5 Reasons Why Being Your Own Worst Enemy Can Be Good For You

Garrett Hauenstein
Mar 26, 2015 · 4 min read

From time to time, we all stand in our own way. Whether it’s at work, in our personal creative endeavors or in our private lives, occasionally we engage in self-sabotaging behaviors that undercut the goals we’ve established for ourselves.

In my own personal life, I can recall countless times: In my professional life, I’ve been in heated meetings where the worst thing I could do is lose my cool and immediately draw attention away from the valid point I was making. So, of course I find myself shouting like a child while I watch any hope of persuading my audience disappear before my eyes. Back in my dating years, I was making a play for a girl who looked just like the actress Kirsten Dunst, my friend with much more dating mojo advised me, “whatever you do, don’t tell her she looks like Kirsten Dunst, she must get that all the time, say something else.” So, obviously, that was the first thing I said. Clearly, I didn’t get a date.

The source of this behavior can vary from simple carelessness, to emotional overload, to a subconscious belief that the thing we are working for we aren’t worthy of in the first place — thus, the subsequent failure becomes a self-fulfilling prophecy.

It may seem intuitive that if given a choice, we would strike this behavior from our lives entirely and leave ourselves with only the perfect response or reaction in any given situation, but I’ve found, over time this isn’t always true.

I acknowledge that it is good to try and control impulsive reactions that lead to negative consequences, but what I’m driving at here, is that there are some positives to be gained from having these “negatives” comes to pass from time to time.

1) We learn to be forgiving of ourselves

Self-forgiveness is key to any healthy person. We will never be perfect and any person who tells you otherwise needs to take a long look in the mirror and see a therapist immediately. Like anything, the more something happens, the better we learn to deal with it. Learn to shake off the tough times but acknowledging the poor decision, understanding what you could (and should) have done differently, make amends where necessary, and get back into action.

2) We learn to be self-aware

Self awareness is a dying trait in modern society. Most people move around without any hint of an understanding of who they really are and what makes themselves tick. People move so fast that they are on to the next goal or life-milestone before they have given any thought to what got them to the last mile-stone. Taking stock of your own failings, especially the ones that came at your own hand will allow you a better perspective into who you are and how you can avoid the same failure the next time.

3) Inner-Conflict inspires creativity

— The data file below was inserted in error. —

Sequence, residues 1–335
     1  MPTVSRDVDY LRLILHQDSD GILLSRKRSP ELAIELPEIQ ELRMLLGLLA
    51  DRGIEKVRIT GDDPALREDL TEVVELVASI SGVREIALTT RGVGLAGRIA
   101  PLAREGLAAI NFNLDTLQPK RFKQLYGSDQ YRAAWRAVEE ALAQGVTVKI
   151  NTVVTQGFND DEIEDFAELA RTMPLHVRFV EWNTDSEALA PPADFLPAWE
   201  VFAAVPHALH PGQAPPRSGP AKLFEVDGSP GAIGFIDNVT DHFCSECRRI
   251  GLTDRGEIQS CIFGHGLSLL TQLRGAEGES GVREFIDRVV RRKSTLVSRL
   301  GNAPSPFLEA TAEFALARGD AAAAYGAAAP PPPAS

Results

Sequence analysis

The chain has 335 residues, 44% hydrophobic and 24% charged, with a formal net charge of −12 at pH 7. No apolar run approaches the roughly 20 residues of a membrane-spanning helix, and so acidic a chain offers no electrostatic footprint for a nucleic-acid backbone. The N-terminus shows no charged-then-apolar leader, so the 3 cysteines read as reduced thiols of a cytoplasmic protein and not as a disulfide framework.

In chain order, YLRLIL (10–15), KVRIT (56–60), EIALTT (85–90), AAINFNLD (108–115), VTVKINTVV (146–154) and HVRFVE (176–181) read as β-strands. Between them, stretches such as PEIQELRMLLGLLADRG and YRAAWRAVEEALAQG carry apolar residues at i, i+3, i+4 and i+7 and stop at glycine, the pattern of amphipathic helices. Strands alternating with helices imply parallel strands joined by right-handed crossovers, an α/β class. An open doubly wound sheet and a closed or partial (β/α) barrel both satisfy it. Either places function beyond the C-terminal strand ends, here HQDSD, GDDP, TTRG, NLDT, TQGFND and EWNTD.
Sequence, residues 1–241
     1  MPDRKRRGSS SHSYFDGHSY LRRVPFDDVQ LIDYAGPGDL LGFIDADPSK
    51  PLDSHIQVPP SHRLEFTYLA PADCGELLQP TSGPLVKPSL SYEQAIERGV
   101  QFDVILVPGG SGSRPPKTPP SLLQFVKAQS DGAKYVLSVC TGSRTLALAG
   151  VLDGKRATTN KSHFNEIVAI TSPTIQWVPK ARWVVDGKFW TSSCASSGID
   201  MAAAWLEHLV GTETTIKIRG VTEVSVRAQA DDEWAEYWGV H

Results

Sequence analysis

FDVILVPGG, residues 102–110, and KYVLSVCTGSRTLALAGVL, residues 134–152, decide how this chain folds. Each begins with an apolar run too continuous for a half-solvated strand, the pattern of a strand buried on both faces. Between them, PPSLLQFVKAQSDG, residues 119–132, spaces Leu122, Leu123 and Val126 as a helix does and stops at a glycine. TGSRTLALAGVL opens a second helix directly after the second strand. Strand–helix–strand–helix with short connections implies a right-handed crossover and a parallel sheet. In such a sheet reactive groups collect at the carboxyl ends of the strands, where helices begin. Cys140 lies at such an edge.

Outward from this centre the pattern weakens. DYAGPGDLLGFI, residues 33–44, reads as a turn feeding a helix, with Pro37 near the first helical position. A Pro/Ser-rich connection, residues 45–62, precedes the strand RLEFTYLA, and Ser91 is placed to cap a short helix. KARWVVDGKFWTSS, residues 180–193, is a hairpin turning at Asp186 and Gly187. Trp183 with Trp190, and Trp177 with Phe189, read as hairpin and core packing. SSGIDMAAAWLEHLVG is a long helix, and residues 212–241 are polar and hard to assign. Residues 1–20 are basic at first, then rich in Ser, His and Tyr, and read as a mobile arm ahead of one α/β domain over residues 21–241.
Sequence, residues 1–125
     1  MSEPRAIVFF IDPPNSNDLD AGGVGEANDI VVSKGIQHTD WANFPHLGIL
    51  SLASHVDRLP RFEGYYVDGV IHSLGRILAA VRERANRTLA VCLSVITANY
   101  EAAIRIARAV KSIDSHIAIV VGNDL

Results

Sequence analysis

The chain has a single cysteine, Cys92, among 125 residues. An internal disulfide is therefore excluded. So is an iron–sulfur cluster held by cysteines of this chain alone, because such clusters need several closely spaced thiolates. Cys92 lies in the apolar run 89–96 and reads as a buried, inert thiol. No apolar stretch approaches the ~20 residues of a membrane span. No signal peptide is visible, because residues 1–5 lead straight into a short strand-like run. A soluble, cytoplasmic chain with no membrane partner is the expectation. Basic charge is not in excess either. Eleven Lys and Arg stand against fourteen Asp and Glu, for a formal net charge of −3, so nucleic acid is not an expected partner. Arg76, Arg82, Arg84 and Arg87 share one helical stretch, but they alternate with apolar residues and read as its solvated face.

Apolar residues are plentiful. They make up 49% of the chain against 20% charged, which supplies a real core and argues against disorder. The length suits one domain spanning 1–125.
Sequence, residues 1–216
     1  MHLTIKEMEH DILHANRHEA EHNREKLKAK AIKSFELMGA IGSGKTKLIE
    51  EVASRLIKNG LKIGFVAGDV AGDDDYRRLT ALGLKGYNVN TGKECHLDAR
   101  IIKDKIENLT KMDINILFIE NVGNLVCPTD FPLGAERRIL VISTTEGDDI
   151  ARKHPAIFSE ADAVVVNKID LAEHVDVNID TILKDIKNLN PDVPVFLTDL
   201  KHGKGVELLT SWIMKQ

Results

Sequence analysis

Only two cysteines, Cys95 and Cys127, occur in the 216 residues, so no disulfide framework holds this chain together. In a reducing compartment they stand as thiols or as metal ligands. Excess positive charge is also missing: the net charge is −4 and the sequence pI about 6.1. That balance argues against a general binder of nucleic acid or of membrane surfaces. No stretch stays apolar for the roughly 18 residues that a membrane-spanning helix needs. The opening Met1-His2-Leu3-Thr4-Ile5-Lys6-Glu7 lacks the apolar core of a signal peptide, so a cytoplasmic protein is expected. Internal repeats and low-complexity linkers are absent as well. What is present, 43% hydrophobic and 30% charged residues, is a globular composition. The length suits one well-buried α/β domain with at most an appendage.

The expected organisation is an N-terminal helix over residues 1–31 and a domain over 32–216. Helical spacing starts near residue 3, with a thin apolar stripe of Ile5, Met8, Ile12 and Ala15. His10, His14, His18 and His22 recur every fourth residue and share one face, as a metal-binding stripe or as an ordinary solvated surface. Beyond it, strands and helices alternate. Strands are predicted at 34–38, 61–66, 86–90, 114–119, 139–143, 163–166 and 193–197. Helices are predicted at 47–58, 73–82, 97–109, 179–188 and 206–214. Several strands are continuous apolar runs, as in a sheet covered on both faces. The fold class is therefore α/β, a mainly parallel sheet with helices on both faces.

The idea of being “your own worst enemy”, by its own nature, indicates that there is some part of you that stands at odds with another part of you. Or, said another way, a part of you that would choose Path A, and a part of your that would choose Path B. This conflict inspires all sorts of brain activity that brings about wonderful creative energies. The Yin and Yang, the Good Wolf and the Bad Wolf (which would you feed? Answer: Feed both) — all of these concepts that indicate that one cannot exist without the other and each inspire the other. Let them play off one another and see where the energy takes you.

4) It is an open window to your subconscious — take a look

Often times, the part of the equation you’re looking to suppress or control, is a glimpse into your subconscious, or how you would play this out if you had total control. In my own life example (above) in my business meeting, I was angry as hell and wanted to [metaphorically] rip everyone’s heads off. This ended up giving me some great insight into my own feelings about my job in general. If I had suppressed that and never experienced it, I’m not sure I would have been able to see that.

5) Sometimes it works out

Being “your own worst enemy” is very often an over-emotional response to a situation. But, sometimes this can be called going with your gut, which can be a very good thing. No one would argue that screaming in a business meeting is wise, but there are situations where you might decide a course of action is foolish based on pre-planning when in reality, going with your gut is precisely what you should be doing. Some time ago, I was in a job interview for a marketing position and I was asked “based on what you’ve seen of our marketing efforts now, what do you think?” Frankly, I thought they were garbage. In my head, I thought I should soften this because the man I was interviewing with had had a hand in developing these efforts, but I went with my gut and told him what I thought. It worked out and he agreed with what I thought.

We all need to find a balance in life, to find self-control and be able to forgive ourselves when we make mistakes. But we also can benefit from learning to see that not every self-sabotaging incident is wholly awful. Find the positive take-aways from your own worst moments and you’ll find you’re not doing as bad as you think you are.

    Garrett Hauenstein

    Written by

    Marketing Professional, Photo Enthusiast